, the third-party requirements you use might be. Sometimes it's from a transitive dependency. It is totally possible all your deps are released as bdist wheels, but also not very common fwict It looks like this in your pip logs when you need to build an sdist:
Copy code
Building wheels for collected packages: setproctitle
  Building wheel for setproctitle (PEP 517) ... done
  Created wheel for setproctitle: filename=setproctitle-1.2.1-cp39-cp39-macosx_11_0_arm64.whl size=10724 sha256=2b8228033e093d0c07e5b3bac321274e11aa51f15a435606fe95671c7fe5964d
  Stored in directory: /Users/ericarellano/Library/Caches/pip/wheels/c3/e4/78/85a456b48a3f8ecd33b4cd1b1dfd3ec0ac25ae6d498a86bf65
Successfully built setproctitle
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ambitious-student-81104

09/10/2021, 4:00 PM
this is saying it's a wheel though? it's kind of confusing. What is the unique identifier of building a sdist? just when it says
building xxx
?
if that's the case then I have a ton of them
in total 24
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hundreds-father-404

09/10/2021, 4:09 PM
Definitely agreed on it being confusing! When you depend on an sdist, pip will first have to build that sdist into a wheel. The end result is the same: a
.whl
file. The difference is whether that
.whl
was built already for you vs. if you have to build it locally yourself. So you can skip an entire step of the install stage To figure out why that dependency doesn't have a prebuilt wheel, you can go to its PyPI page. In my example log, I was installing setproctitle 1.2.1. So first I go to https://pypi.org/project/setproctitle, which I found via PyPI's search bar. Then, I see the version at the top of the page is at 1.2.2 and I want to look at 1.2.1. Click "release history" and choose 1.2.1. Now, click "Download files" tab to get to https://pypi.org/project/setproctitle/1.2.1/#files. There, I can see there are a couple
.whl
files and also
setproctitle-1.2.1.tar.gz
, which is the sdist. For some dependencies, there won't be any
.whl
files. Other times, there will be some but not the ones you need - here,
setproctitle
is only releasing
.whl
files that work with Linux, and there's no
macos
or
osx
in the file names, which is why I have to build a wheel on my mac. For each of those 24 sdists you depend on, your options are: 1. Stop depending on it 2. Do nothing. Some sdists are much slower to build than others 3. See if a newer release of that dependency has
.whl
files on its PyPI page. If so, upgrade 4. Pre-build that dependency into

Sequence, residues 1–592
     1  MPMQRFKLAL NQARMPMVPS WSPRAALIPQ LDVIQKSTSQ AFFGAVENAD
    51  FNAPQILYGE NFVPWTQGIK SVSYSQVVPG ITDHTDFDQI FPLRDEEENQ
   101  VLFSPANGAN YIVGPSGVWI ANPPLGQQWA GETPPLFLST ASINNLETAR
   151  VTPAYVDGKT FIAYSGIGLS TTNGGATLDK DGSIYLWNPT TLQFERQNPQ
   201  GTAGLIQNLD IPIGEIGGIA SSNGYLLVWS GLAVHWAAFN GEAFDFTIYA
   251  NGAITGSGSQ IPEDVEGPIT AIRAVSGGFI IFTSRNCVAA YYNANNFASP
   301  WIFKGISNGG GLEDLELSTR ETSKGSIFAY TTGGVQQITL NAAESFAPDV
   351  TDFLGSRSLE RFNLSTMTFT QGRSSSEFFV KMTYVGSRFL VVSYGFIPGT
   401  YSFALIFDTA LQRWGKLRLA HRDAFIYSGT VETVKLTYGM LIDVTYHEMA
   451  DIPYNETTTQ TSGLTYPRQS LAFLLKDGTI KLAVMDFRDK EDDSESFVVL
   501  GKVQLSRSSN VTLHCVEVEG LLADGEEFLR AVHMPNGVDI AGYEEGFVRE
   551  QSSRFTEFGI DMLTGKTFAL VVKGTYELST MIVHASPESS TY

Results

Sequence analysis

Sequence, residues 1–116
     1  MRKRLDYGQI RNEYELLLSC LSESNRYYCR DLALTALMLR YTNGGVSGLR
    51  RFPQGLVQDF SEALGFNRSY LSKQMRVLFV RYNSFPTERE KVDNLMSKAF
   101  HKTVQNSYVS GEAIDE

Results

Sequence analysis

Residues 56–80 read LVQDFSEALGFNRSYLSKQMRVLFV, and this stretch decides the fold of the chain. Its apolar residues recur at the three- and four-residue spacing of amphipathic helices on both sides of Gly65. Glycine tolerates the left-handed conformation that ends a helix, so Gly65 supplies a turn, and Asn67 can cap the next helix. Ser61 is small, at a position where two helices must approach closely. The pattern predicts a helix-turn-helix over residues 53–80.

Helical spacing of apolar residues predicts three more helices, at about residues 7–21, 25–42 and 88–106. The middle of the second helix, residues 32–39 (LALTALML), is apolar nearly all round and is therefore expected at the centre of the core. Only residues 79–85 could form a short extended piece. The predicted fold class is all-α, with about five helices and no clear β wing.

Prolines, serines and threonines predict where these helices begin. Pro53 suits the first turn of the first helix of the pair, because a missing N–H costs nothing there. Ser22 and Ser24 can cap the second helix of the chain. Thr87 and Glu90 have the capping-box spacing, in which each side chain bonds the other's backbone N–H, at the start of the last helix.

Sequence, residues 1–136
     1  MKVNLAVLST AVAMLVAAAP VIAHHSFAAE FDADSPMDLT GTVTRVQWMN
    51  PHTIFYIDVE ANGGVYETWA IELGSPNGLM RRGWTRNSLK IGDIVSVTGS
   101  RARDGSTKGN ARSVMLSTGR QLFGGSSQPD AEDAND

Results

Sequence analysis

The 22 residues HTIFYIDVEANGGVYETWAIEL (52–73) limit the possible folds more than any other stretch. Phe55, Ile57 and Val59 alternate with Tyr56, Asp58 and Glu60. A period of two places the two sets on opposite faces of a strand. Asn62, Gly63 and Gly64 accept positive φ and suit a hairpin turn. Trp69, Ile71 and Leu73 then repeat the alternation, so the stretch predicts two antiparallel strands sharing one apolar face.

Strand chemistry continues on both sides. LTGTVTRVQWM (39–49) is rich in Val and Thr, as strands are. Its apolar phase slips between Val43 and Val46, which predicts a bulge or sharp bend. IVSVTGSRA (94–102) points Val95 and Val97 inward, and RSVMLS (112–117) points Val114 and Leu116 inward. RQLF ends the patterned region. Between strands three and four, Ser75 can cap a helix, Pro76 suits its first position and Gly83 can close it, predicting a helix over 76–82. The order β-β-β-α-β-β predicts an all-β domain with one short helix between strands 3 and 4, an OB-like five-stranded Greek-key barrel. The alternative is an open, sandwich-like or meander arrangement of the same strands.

.whl
files and host the files internally, such as setting up a server or checking them into Git. You can instruct Pants and pip to install both from PyPI and your prebuilt wheels
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ambitious-student-81104

09/10/2021, 4:12 PM
🙏 This is immensely helpful. Thank you @hundreds-father-404!
❤️ 1
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witty-crayon-22786

09/10/2021, 4:19 PM
also, fwiw: when you hit Pants’ process cache (either local or remote), you won’t invoke PIP at all
in https://www.pantsbuild.org/docs/using-pants-in-ci#directories-to-cache, the local process cache is the one named
Copy code
~/.cache/pants/lmdb_store
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ambitious-student-81104

09/10/2021, 4:20 PM
Actually it looks like on my local machine it's always resolving constraints which takes forever
not sure what's going on that makes it miss cache
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dazzling-diamond-4749

09/10/2021, 4:22 PM
Would you recommend just caching the wheels in LFS? That way we can lock packages better than a constraint file, and resolve fast.
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witty-crayon-22786

09/10/2021, 4:23 PM
you could, yea. but between the two, caching is probably more beneficial to have working, because it also caches everything else, including your test runs
@ambitious-student-81104: to debug processes running when you don’t expect locally, you can run with
-ldebug
, which will dump some information each time a process is invoked
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you’ll get a line like
spawned local process as Some(47375) for Process
, which contains ~everything that goes into the cache key for the process: if for two different runs you see different processes being used to build from your constraints file, that would be very fishy!
1
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dazzling-diamond-4749

09/10/2021, 4:25 PM
Ya, because we parallelize tests, because we can't bump up core count on our Build kite agents. We probably need a remote cache. :( We will have to figure that out later. (Something something security review)
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witty-crayon-22786

09/10/2021, 4:29 PM
in the mean time, folks have had some luck using their constraints.txt as a cache key in their CI providers (Github actions in particular, not sure what Buildkite’s API looks like) and storing the entire local cache under it